Book and Blog Reviews – To Read and Not To Read
For many suburbanites, success is sometimes measured by one’s ability to keep up with the Joneses.? For me, the clich? changes only slightly–to keeping up with the Christines.? My friend and colleague Christine Bowers of the World Bank’s Private Sector Development Blog has an enviable tendency to scoop me on stories I’ve been meaning to write.? It’s happened twice in the past few days: first, Christine reviewed two books I’ve read and have been meaning to comment on; then today, she updated her blogroll, a task I’ve been meaning to do for a while now (and just completed).? Anyway, my hat’s off to you, Christine.? Go read the PSD Blog if you don’t already–and keep reading to hear what I have to say about Make Poverty Business, You Can Hear Me Now, and which new blogs are worth reading and tracking in the BOP universe.
Books are a tricky subject.? BOP books are a trickier subject, since it’s difficult to be groundbreaking unless you have a huge amount of new data or a wildly different strategic innovation.? Peter Wilson and Craig Wilson (no relation, I think) attempt to be groundbreaking in their new book, Make Poverty Business.? Unfortunately, their well-meaning attempt falls well short of success.? I received a copy of the Wilsons’ manuscript some months ago, and gave it a close read.? I kept waiting for some sort of new theory, example, strategy, or data–but as I read, none came. ?This is a pretty basic introduction to BOP theory and practice, which disappoints because the authors claim in the first chapter to be moving away from the ’guru cycle’ of BOP authors.? They introduce some new anecdotes and write in a welcome, engaging style, but what the Wilsons claim to be new and innovative is just more of the same–engage local communities, build reliable partners, work around governance issues, etc.? My notes on the book say ’this feels like a BOP literature review’ and that’s what it is.? If you want a good introduction to the BOP ideas and don’t want to read C.K. Prahalad or Stuart Hart, pick up Make Poverty Business.? Otherwise, I’d advise you to look elsewhere–like the authors’ blog, which does a good job of getting down to business on details (e.g., environmental impact) overlooked in the book.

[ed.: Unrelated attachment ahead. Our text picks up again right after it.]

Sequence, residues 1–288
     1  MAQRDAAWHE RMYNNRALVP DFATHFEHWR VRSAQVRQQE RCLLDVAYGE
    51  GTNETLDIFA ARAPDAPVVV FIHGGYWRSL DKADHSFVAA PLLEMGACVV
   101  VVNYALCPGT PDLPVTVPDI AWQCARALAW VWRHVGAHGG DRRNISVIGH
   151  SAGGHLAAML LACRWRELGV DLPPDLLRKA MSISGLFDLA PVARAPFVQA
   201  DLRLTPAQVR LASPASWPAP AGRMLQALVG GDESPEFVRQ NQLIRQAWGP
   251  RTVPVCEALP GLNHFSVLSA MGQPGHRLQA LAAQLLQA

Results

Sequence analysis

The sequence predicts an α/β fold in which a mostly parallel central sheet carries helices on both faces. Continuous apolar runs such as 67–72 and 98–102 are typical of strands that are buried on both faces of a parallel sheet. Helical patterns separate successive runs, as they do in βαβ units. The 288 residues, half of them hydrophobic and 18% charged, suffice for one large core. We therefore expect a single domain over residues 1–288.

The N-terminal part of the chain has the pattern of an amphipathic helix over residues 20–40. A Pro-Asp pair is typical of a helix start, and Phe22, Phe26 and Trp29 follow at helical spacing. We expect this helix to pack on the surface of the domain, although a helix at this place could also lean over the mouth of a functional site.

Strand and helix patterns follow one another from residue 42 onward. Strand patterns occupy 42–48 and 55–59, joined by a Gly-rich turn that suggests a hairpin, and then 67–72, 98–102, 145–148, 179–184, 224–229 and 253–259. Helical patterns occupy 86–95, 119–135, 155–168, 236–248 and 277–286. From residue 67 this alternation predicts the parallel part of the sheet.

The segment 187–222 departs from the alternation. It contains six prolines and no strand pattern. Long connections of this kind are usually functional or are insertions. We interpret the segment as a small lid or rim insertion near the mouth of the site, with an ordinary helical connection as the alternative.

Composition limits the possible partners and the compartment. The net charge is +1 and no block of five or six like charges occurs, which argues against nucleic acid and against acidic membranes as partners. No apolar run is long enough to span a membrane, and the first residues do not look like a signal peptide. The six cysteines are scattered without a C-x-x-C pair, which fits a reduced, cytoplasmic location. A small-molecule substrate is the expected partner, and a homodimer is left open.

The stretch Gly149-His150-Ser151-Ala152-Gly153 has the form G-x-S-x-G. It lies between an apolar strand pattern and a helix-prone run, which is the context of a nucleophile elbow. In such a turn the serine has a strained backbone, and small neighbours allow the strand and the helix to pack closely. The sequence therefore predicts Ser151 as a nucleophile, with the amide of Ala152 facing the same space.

On the other hand (and continuing my break from Christine’s review), I enjoyed the forthcoming You Can Hear Me Now, by Nick Sullivan.? This is a history of sorts, about how Iqbal Quadir came to launch Grameen Phone.? Sullivan doesn’t claim to offer new or different strategies to engage BOP markets; he simply sets out to tell the tale of an expat Bengali and his innovative phone company.? You Can Hear Me Now is well-written and very engaging, as the author enjoyed good access to some of the stories’ major players.? A smart manager can learn from Grameen Phone without being led by the hand, and Sullivan’s storytelling and analysis open up the case in a way that we haven’t before seen.? The book’s out next month; in the mean time, check out his blog.
As if you didn’t have enough to read already, check out the Appropriate Infrastructure Development Group (which I wrote about before) and their excellent blog.? The primary author is Catherine Laine, who posts a mix of international development, environmental conservation, small business development, and technology innovation stories, as well as from-the-field updates on AIDG projects.? It’s well-written, oft-updated, and comprehensive.
Finally, the Technology, Health & Development Blog also merits mention.? The authors don’t always talk about the impact of business, but they understand that the private sector plays an important role in service delivery at the BOP, and their posts reflect it.? Check them out and bookmark them–or subscribe.